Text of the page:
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Rachel Bloom: Death, Let Me Do My Show

An observant but uneven standup routine that brings back to the stage the story of a thirty-something and her ins and outs.

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Rachel Bloom in the return engagement of her show “Death, Let Me Do My Show” at the Orpheum Theatre (Photo credit: Emilio Madrid)

[avatar user=”Joel Benjamin” size=”96″ align=”left”] Joel Benjamin, Critic[/avatar]

The program art for Rachel Bloom: Death Let Me Do My Show, now at the Orpheum Theatre, depicts a bosomy Bloom, red dress and hair flowing, pursued by a clichéd figure of death in a black robe carrying a scythe.

Indeed, even during her funny, warm show she is, despite her eponymous plea, haunted by death who appears suddenly and from the oddest of places in this re-boot of the show she previously performed at the Lucille Lortel Theatre this past fall.

Dressed in a glittery, silver suit—costumes by Kristin Isola—Bloom immediately takes control of an audience who already admire her from her standup comedy and her bitterly funny TV show, Crazy Ex-Girlfriend plus her solo tour of What Am I Going to Do with My Life Now? and, perhaps, from the recent iteration of this amusing musing of life and death and birth and Covid.

Bloom ponders her pre-pandemic self and the trauma of the birth of her daughter who had a life-threatening condition.  Covid limited her visits to her baby in the NICU and caused the death of her close friend and writing partner Adam Schlesinger who, ironically, shared the NICU when it was partly converted to a Covid ward.

Rachel Bloom in the return engagement of her show “Death, Let Me Do My Show” at the Orpheum Theatre (Photo credit: Emilio Madrid)

Changing the subject, she describes her block in her Brooklyn neighborhood where there is a tree whose blossoms smell like “a whorehouse dumpster” leading to her song, “Meet You Under the Cum Tree.”  When she begins to sing about a bush that smells like…., she comes face to face with her mortal nemesis who appears to object to the direction her show is going.

Death does what he can to NOT let her proceed including destroying her very red curtained set designed by the estimable Beowulf Boritt.  He acts as both a devil’s advocate and a back-handed friend.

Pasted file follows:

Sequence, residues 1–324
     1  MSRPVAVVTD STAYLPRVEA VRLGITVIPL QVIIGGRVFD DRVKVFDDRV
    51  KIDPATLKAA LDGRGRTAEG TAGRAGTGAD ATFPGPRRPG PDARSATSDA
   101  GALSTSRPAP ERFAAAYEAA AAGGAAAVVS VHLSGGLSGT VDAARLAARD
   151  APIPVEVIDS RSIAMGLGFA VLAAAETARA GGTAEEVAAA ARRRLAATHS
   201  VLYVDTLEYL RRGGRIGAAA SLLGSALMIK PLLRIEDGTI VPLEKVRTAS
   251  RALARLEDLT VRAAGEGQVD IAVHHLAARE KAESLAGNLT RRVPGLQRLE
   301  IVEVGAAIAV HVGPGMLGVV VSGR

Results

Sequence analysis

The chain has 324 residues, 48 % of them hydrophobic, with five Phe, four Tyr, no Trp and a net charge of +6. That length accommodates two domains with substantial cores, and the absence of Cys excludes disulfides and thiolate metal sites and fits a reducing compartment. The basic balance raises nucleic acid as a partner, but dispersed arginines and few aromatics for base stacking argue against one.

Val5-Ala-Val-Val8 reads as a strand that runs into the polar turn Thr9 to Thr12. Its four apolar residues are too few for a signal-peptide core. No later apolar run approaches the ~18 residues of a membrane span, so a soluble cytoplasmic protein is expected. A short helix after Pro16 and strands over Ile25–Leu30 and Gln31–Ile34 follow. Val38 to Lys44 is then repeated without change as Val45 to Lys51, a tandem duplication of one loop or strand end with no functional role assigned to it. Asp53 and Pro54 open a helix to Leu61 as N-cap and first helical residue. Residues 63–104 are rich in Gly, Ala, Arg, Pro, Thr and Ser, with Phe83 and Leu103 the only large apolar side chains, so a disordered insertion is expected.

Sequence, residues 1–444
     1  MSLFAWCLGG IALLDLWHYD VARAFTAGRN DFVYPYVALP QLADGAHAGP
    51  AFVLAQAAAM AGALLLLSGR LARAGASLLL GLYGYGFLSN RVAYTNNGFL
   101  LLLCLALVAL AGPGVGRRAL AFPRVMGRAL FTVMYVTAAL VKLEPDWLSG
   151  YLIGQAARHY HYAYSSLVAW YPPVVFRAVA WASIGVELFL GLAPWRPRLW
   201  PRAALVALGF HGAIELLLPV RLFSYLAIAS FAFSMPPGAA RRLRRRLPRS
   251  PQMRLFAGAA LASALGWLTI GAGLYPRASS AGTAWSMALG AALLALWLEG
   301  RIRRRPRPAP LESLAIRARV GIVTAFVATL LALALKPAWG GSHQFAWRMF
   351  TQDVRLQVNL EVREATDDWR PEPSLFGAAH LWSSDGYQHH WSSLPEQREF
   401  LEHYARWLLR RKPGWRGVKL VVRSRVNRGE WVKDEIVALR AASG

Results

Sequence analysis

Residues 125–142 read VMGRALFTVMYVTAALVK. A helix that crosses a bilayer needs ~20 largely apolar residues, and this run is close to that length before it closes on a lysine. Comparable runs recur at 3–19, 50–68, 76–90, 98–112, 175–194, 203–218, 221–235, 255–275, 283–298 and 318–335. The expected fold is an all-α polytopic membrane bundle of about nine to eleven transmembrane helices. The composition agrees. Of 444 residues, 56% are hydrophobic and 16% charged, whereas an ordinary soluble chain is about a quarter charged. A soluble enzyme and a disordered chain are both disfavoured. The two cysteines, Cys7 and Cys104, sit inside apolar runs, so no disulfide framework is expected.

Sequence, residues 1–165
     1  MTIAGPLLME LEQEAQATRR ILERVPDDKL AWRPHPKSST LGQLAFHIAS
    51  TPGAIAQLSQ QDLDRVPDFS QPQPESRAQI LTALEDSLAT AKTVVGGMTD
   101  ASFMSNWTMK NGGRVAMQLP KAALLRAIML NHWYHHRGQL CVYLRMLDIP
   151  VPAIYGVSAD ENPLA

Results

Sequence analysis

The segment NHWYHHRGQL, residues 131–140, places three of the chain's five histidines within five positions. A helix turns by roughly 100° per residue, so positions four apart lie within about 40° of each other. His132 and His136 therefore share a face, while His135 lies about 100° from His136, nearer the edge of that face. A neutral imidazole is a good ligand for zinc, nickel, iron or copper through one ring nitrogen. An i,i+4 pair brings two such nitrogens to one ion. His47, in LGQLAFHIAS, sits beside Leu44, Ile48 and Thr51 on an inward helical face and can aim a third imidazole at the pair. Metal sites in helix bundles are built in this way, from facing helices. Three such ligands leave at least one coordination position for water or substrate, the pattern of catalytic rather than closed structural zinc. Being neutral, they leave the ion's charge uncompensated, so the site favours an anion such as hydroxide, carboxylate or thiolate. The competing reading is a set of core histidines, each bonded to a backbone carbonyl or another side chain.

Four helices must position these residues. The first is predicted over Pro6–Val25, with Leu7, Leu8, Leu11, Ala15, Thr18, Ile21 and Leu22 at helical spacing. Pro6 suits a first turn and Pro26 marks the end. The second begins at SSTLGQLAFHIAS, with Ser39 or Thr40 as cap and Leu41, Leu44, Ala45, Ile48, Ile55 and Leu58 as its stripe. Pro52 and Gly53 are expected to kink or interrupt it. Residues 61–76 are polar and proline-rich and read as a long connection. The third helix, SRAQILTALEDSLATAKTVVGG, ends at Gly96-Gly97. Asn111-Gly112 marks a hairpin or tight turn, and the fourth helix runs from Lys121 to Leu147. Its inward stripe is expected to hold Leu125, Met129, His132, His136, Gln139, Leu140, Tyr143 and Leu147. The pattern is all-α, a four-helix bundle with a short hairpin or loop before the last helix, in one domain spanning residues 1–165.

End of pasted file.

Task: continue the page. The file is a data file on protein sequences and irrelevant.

Unperturbed, she valiantly goes on with her very detailed observations about her life as a mother, a pet owner, a wife and a very successful comedy writer/performer.

Hana S. Kim provided projections that illustrate Bloom’s anecdotes including a sad-but-funny collection of condolence notes from her pet insurance company.

Rachel Bloom in the return engagement of her show “Death, Let Me Do My Show” at the Orpheum Theatre (Photo credit: Emilio Madrid)

Jerome Kurtenbach led the tiny band with energy and panache belying the often second-rate quality of Bloom’s songs.  The songs, written with the clever likes of Kurtenbach, Eli Bolin and Shaina Taub, range from the obvious like the “cum” ditty to a wise satirical take on Dear Evan Hansen with dueling duets with Death in between.

Bloom’s humor sometimes borders unnecessarily on vulgar body fluid references but then switches in an instant to whimsical observations about modern life for thirty-somethings.  The fact that she chooses to end the show with her leering “Under the Cum Tree” song undermines the fact that she is a fine observer of her particular social circle.

David Hull, Bloom’s “Crazy Ex-Girlfriends” co-star, is a sardonic, handsome singing and acting partner.

Rachel Bloom: Death, Let Me Do My Show (return engagement December 7, 2023 – January 6, 2024)

Orpheum Theatre, 126 Second Avenue, in Manhattan

For tickets, visit http://www.RachelBloomShow.com

Running time: 85 minutes without an intermission

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About Joel Benjamin (562 Articles)
JOEL BENJAMIN was a child performer on Broadway and danced with leading modern dance and ballet companies. Joel has been attending theater, ballet and opera performances ever since childhood, becoming quite opinionated over the years. He was the founder and artistic director of the American Chamber Ballet and subsequently was massage therapist to the stars before becoming a reviewer and memoirist. He is a member of the Outer Critics Circle.

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